Global Norm Evolution and Responsibility to Protect

Open to the Public
Nador u. 9, Faculty Tower
Room 309
Wednesday, November 7, 2012 - 3:30pm
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Wednesday, November 7, 2012 - 3:30pm to 5:00pm

Chair: Emel Akcali

Non-western powers like Brazil, Russia, India, China and South Africa have begun to claim a greater say in shaping global norms. Their growing assertiveness adds to the contestation of global norms that is likely to become the rule rather than the exception as the world shifts toward a new normative order. In stark contrast, the scholarship on global norms fails to illuminate conflictive, non-linear interactions and remains tied to Western-centric, unidirectional and linear-teleological models of norm diffusion. We seek to address this gap by providing a comprehensive, in-depth analysis of global norm evolution and normative conflict, focused on a crucial case: the evolution of a ‘responsibility to protect’ individuals from mass atrocities.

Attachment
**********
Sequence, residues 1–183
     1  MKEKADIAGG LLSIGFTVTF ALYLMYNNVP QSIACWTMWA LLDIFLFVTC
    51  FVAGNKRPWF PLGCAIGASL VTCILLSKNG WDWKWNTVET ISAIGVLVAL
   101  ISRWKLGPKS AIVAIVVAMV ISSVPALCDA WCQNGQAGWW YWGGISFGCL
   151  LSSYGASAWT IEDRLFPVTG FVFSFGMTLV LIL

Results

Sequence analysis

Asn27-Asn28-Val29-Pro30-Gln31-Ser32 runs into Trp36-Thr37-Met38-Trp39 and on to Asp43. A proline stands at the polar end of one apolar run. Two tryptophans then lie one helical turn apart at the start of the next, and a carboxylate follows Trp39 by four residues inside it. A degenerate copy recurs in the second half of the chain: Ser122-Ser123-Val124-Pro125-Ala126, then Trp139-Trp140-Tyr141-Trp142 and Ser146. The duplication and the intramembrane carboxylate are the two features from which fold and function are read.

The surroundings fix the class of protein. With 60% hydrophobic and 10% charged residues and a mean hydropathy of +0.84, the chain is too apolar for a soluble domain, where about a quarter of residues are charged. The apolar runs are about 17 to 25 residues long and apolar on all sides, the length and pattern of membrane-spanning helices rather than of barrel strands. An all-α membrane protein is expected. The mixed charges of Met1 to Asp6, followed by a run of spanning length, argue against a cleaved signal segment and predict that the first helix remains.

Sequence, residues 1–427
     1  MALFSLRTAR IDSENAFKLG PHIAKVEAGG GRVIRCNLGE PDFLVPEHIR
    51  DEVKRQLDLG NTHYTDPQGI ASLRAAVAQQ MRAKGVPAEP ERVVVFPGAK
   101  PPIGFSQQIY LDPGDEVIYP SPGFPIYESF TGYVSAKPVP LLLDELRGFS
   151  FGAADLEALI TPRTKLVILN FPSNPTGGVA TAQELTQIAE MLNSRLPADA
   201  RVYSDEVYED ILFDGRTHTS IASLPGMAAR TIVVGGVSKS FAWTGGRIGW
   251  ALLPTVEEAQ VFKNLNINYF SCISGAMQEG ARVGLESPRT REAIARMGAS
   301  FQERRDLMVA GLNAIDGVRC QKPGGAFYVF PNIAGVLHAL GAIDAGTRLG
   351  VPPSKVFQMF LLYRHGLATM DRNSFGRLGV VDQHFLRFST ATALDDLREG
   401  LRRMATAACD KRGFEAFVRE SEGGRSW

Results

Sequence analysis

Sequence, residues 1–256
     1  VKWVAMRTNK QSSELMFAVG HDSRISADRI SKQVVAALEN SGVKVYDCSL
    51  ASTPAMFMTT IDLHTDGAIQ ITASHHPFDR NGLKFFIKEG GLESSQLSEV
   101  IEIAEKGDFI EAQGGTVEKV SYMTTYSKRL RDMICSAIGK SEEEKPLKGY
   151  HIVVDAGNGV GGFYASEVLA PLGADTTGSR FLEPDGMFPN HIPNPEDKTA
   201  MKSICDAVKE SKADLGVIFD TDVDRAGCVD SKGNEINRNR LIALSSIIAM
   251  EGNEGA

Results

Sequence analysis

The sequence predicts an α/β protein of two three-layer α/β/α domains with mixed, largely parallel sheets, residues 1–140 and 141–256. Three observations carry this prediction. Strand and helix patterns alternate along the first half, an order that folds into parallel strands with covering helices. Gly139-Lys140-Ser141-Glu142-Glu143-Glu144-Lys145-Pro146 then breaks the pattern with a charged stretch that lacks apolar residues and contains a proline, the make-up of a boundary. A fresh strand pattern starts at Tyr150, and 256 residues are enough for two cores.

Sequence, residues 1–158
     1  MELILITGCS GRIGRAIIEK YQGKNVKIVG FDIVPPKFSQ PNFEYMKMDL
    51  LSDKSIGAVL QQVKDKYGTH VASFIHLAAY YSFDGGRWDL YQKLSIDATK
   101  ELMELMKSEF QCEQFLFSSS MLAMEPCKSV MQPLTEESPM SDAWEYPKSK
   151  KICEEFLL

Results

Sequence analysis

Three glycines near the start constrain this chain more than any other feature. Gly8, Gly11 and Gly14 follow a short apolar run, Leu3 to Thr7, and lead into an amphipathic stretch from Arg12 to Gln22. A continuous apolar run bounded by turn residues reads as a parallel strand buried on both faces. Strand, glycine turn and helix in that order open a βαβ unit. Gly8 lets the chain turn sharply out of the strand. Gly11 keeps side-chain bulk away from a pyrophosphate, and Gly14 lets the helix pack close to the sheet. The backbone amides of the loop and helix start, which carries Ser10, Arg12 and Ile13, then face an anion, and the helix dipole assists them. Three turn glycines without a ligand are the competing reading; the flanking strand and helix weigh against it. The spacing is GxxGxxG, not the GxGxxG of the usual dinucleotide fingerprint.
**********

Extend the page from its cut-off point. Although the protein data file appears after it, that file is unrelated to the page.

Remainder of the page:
This emerging and contested norm challenges the foundations of the existing global order and has become the subject of intense global debate. To manage the contested transition to a new global order peacefully may be the greatest global challenge not just for a trade-dependent Europe that continues to cast itself as a ‘normative power,’ but also for the prospects of collective action at the global level.